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Fatal Crash in Semi-Autonomous Car Leads to Questions Over Liability

On Behalf of | Aug 26, 2016 | Personal Injury Law |

Semi-autonomous cars are the wave of the future. With Tesla’s Model S leading the way, other auto manufacturers have followed suit, from Subaru’s Eyesight package featuring driver assistance to BMW’s plan to develop a fully self-driving car by 2021. In many ways, these features, aimed at preventing car accidents, can be extraordinarily helpful for drivers who are prone to distraction on the road. Semi-autonomous cars offer features to keep drivers in their own lanes, adaptive cruise control that will brake when cars ahead slow down, and even hands-free steering. This technology is indeed revolutionary, but it is still very new, and with any new technology comes the risk of malfunction. In the case of a car driving itself, a malfunction may lead to car crashes that result in injury or death.

First Semi-Autonomous Car Crash Fatality Occurs in Florida

Joshua Brown, an Ohio man, loved his Tesla Model S. He even had a nickname for it – Tessy. His Tesla, like all Model S cars, included the Autopilot feature that allows drivers to cruise hands-free while the car takes control. Brown often made YouTube videos while he “drove,” several times documenting how the Autopilot feature prevents accidents when a driver relinquishes control of the vehicle. Tesla’s owner, Elon Musk, even shared one of Brown’s videos on Twitter showing how Autopilot works to save drivers from potential collisions.

Unfortunately, the Model S was not perfect. On May 7, 2016, Brown was cruising on a highway in Williston, Florida while the car was in self-driving mode. When a tractor-trailer made a left turn in front of Brown’s Tesla on the highway, both Autopilot and Brown were unable to distinguish the white siding of the truck from the brightly lit sky behind it, and both consequently failed to apply the brakes. Brown’s car passed underneath the trailer, causing the top of the Tesla to be completely torn off by the bottom of the trailer, and Brown was killed. After Brown’s death, the National Highway Traffic Safety Association opened an investigation into the Tesla Autopilot feature to determine whether its safety advantages outweigh the potential dangers of drivers misusing the technology or failing to pay attention when Autopilot is on. The NHTSA also recently released a detailed set of questions directed to Tesla to investigate potential defects in any of the vehicle’s self-driving systems that may have led to Brown’s crash.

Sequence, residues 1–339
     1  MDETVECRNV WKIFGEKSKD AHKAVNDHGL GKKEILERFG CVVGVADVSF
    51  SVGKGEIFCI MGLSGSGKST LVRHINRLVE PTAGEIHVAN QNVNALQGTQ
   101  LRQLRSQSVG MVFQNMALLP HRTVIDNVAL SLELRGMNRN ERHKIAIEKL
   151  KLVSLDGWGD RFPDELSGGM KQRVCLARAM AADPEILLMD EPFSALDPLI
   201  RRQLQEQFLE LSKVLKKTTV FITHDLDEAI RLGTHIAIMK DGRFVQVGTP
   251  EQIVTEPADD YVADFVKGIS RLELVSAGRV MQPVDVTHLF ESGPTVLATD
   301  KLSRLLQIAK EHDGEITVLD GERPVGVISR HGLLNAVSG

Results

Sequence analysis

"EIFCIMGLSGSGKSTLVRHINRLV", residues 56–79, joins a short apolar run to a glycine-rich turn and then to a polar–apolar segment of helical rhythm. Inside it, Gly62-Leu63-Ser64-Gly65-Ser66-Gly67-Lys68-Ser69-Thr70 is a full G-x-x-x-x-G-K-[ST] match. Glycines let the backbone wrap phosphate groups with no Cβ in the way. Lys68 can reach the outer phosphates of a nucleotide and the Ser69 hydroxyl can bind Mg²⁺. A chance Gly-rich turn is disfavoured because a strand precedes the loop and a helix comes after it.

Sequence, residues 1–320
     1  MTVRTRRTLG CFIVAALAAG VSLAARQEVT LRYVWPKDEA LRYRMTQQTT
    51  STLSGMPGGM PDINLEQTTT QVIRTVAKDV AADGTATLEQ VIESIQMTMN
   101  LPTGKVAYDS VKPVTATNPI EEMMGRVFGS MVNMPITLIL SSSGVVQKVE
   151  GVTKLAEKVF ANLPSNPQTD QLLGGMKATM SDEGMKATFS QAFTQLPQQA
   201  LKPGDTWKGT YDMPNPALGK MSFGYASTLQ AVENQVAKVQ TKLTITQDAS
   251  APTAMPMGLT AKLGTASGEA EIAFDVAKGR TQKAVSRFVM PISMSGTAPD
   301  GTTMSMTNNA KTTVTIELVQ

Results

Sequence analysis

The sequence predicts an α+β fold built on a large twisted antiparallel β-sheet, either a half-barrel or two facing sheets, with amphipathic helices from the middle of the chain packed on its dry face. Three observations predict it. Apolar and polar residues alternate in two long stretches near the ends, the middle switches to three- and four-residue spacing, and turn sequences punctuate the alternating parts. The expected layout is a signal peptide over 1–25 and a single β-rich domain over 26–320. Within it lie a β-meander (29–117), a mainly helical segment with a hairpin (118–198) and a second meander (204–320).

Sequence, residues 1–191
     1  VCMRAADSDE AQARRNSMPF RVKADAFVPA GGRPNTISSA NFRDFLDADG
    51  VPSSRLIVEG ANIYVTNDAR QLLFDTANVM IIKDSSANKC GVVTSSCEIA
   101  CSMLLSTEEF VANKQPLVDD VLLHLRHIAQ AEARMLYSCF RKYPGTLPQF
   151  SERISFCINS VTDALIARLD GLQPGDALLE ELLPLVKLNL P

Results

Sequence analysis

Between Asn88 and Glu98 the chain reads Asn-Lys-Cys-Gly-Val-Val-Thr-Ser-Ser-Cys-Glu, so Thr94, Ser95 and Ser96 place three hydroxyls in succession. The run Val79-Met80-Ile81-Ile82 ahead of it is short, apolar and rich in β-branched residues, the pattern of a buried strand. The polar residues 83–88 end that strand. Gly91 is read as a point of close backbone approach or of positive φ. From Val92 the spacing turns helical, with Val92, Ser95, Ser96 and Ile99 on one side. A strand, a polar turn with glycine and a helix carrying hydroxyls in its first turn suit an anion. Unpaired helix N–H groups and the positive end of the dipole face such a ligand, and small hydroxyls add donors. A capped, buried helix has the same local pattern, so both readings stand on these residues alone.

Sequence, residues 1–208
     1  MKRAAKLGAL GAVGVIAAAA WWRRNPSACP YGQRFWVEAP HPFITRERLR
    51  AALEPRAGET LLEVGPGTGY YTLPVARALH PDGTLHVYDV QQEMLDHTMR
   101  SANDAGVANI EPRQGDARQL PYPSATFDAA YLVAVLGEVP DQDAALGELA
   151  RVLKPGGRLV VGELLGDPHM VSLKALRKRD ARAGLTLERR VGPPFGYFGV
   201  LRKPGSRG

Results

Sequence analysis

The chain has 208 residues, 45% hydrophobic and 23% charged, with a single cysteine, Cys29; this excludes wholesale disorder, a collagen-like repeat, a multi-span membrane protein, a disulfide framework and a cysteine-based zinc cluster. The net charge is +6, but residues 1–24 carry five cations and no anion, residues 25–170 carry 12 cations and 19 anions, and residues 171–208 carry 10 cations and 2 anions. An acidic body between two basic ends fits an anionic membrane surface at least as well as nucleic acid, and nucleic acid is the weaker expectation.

Who is Responsible?

Many questions arose after Brown’s tragic death, including debates over the safety of autopilot features in cars and whether they are a substitute for split-second human decision-making. Another question, however, hinges on who may be liable for the damages incurred in a car crash when a car was driving on its own. Brown’s family retained an lawyer, and currently the firm is investigating whether product defects may have contributed to the accident, but no suit has been filed as of yet.

If a product defect were found, Tesla could be held liable for the defect resulting in Brown’s death. Absent any defects, Tesla could still be liable because consumers may expect that self-driving features would protect them from crashing into another vehicle. Tesla points out, however, that the Autopilot feature will only engage after the driver accepts a warning that Autopilot is merely “driver assistance,” not a fully self-driving car, and that drivers must remain engaged at all times. Another argument suggests that Tesla may be liable for accidents resulting from Autopilot because it prematurely released the technology before proper testing could identify software flaws that may result in crashes, unlike other companies that have similar technology but have yet to release them to the public.

Ultimately, because this technology is so new and Brown’s death is the first to be linked to Autopilot, it remains unclear whether a court would find Tesla and other car manufacturers liable for deaths occurring while semi-autonomous features were in use. In the meantime, the best course of action is for all drivers, those with semi-autonomous cars and those without, to take every precaution when getting behind the wheel to avoid unnecessary and potentially fatal accidents.

Have You Been Involved in an Auto Accident?

If you or a loved one is dealing with the aftermath of an auto accident in Central or North Florida, let experienced lawyer, John Piccin at Piccin & Glynn help. We have handled hundreds of auto accident cases and are prepared to answer your questions, negotiate with insurance companies, and even make home or hospital visits to ensure that you get the support you need. Call John at 352-558-8480 for your free initial case consultation today.